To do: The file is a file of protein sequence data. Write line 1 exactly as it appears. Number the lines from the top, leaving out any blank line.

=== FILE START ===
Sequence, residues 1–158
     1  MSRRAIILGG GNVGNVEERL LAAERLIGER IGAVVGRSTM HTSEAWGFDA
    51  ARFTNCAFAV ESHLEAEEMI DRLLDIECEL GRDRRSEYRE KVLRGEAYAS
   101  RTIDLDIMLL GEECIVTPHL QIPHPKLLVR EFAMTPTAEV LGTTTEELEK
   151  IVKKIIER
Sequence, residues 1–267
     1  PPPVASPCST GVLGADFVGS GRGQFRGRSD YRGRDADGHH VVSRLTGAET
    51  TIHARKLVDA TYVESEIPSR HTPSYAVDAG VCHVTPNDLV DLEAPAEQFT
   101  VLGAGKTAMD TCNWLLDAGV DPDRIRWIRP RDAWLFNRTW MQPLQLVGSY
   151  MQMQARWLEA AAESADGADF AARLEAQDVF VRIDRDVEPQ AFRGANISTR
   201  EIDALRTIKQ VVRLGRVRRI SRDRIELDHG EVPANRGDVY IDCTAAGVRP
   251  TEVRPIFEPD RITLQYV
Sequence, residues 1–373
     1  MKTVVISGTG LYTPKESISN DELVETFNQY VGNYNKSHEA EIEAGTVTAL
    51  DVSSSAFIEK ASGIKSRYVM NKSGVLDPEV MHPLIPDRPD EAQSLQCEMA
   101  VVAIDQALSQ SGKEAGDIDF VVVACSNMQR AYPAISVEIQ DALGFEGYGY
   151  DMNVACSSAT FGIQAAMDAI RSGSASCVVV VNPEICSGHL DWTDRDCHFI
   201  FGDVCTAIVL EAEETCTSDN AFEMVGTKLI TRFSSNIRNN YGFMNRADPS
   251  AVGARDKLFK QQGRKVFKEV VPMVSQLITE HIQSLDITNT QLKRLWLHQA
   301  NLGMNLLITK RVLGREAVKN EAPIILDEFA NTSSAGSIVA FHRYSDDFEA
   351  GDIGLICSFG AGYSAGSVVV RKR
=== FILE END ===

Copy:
Sequence, residues 1–158